Senate panel votes to subpoena Big Tech executives
The Senate Commerce Committee voted Thursday to subpoena the CEOs of Twitter, Facebook and Alphabet, Google’s parent company.
Committee Chairman Roger Wicker (R-Miss.) had threatened to subpoena Twitter’s Jack Dorsey, Facebook’s Mark Zuckerberg and Alphabet’s Sundar Pichai last week but was required to hold a vote after ranking member Sen. Maria Cantwell (D-Wash.) opposed the plan.
The unanimous vote will compel the CEOs to appear for a hearing on Section 230 of the Communications Decency Act, which is considered the bedrock of the modern internet.
The 1996 law, which has come under increased scrutiny since President Trump targeted it in an executive order in May, gives internet companies immunity from lawsuits for content posted on their sites by third parties and allows them to make “good faith” efforts to moderate content.
Wicker made it clear during Thursday’s executive business meeting that the hearing is required because of allegations of anti-conservative bias on their platforms.
Conservative voices actually dominate many platforms on social media including Facebook, the most powerful of them all.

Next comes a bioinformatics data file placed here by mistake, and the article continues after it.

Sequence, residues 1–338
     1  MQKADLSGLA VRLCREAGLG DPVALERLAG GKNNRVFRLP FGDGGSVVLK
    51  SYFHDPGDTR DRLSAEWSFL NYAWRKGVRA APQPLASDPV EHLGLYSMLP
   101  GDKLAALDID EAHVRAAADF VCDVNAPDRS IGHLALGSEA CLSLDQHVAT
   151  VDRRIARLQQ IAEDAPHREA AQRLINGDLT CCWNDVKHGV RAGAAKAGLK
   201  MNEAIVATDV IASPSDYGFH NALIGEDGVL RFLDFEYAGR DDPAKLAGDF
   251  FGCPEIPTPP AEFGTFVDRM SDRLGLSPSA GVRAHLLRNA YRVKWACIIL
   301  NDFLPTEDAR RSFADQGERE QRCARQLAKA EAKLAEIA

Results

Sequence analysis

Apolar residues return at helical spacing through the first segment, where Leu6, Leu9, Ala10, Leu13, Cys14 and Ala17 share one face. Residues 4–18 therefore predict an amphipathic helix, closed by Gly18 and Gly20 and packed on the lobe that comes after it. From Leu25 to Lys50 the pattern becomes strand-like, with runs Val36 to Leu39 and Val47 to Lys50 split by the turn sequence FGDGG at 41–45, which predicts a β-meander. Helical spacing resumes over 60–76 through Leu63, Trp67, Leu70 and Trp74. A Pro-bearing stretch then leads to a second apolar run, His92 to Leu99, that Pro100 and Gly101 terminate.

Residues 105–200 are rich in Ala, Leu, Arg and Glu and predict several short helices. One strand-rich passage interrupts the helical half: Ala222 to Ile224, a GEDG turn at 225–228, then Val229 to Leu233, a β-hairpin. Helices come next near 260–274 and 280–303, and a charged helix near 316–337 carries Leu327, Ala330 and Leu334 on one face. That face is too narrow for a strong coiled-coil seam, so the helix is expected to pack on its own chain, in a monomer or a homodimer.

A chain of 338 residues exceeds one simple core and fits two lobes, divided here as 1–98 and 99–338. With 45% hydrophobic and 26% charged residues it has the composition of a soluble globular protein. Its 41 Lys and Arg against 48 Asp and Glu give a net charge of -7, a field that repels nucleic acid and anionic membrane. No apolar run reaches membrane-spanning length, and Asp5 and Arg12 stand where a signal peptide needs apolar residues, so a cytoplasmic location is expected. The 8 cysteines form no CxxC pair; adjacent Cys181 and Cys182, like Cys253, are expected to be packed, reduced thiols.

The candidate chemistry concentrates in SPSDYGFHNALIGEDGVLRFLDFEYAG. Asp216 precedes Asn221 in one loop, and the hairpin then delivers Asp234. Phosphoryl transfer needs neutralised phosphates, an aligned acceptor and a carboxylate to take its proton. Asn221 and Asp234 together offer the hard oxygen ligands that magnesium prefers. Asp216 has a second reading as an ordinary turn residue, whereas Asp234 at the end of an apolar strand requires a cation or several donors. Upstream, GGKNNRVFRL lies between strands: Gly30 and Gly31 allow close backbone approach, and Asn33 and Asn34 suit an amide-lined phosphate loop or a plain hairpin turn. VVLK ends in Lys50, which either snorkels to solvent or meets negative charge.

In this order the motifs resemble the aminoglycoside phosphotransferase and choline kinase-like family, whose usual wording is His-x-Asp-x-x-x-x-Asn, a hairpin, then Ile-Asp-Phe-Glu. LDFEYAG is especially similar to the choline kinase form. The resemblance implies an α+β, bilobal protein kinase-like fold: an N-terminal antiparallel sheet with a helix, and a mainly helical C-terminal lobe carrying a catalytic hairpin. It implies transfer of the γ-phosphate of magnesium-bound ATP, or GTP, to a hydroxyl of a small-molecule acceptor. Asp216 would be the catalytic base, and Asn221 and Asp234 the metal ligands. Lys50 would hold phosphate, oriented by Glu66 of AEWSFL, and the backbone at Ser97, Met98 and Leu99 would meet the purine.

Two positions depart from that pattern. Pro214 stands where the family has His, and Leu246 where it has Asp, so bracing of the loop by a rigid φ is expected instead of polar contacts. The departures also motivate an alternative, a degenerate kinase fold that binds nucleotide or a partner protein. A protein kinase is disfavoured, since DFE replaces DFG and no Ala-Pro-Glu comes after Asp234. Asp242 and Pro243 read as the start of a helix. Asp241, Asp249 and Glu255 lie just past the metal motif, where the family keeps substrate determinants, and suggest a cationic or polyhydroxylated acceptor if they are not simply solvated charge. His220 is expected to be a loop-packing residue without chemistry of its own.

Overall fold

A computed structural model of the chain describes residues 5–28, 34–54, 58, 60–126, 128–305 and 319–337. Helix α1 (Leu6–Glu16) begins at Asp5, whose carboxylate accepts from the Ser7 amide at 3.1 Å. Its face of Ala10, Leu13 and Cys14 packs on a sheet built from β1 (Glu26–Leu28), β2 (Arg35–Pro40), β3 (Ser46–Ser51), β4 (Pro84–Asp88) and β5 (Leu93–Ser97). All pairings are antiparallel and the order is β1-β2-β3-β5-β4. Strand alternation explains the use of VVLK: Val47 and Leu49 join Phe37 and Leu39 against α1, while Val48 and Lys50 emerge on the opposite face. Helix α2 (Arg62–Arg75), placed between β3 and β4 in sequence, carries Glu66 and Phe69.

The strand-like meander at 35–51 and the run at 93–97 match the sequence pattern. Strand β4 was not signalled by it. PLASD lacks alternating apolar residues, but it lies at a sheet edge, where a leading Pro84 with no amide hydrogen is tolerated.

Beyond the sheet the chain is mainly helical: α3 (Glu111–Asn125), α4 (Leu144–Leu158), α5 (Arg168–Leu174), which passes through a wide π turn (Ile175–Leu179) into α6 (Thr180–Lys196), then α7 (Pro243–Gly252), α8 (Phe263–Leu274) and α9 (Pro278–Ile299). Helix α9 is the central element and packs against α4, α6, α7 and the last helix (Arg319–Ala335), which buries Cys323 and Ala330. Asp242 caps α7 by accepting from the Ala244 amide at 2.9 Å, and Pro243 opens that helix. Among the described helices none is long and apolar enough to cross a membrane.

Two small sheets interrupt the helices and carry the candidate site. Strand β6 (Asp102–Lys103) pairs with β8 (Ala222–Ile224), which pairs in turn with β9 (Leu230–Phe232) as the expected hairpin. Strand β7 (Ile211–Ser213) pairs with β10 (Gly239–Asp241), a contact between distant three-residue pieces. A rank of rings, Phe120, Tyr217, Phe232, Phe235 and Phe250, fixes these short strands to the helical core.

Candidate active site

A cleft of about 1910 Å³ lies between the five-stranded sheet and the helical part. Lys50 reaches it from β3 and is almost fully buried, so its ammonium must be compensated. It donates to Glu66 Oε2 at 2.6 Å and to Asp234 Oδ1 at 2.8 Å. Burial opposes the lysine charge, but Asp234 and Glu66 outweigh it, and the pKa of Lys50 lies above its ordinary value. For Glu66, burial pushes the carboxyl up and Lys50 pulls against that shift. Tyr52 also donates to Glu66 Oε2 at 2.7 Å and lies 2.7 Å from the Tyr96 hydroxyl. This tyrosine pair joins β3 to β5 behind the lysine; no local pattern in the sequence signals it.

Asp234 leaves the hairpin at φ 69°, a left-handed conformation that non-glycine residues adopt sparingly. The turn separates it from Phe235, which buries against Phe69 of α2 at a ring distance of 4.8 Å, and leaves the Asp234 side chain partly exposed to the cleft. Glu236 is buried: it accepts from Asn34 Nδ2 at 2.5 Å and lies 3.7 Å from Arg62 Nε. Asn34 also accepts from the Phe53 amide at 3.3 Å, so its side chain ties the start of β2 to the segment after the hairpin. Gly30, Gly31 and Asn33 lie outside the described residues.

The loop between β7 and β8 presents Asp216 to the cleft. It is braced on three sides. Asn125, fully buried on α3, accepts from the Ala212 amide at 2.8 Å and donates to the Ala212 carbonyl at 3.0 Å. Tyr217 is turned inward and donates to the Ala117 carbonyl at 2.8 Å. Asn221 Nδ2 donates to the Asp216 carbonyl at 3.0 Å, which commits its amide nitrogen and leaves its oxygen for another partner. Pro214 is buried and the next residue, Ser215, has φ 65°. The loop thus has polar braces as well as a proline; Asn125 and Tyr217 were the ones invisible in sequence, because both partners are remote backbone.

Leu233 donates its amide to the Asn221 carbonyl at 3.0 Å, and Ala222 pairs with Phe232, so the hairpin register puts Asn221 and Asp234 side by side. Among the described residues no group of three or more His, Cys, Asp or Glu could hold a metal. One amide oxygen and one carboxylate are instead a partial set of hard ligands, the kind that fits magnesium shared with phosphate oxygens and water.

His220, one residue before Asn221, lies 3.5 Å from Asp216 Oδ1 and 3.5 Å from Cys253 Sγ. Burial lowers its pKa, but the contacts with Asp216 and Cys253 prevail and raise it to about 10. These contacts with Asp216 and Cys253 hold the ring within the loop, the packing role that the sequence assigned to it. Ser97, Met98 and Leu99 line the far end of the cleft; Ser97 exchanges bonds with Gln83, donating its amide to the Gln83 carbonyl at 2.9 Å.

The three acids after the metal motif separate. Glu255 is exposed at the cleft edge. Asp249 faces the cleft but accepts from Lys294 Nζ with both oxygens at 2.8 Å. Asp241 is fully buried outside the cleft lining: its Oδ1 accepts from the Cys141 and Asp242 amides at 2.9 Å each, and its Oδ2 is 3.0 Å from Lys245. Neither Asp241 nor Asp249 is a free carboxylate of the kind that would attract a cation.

But that hasn’t stopped Republicans from persistently making the allegation about bias, which the tech companies have also vociferously denied.
Cantwell ultimately agreed to vote for the subpoena after changes by Wicker, allowing privacy and misinformation to be discussed alongside the supposed bias.
A spokesperson for Facebook declined to comment on the subpoena vote.
Spokespeople for Twitter and Google did not immediately respond to a request for comment on the vote.
If they ultimately appear, this will be the second major hearing of the year with some of tech’s biggest executives.
The House Judiciary subcommittee on antitrust this summer held a hearing on competition in digital marketplaces featuring Zuckerberg, Pichai, Apple’s Tim Cook and Amazon’s Jeff Bezos.
The panel is set to release a report on the issue as early as next week.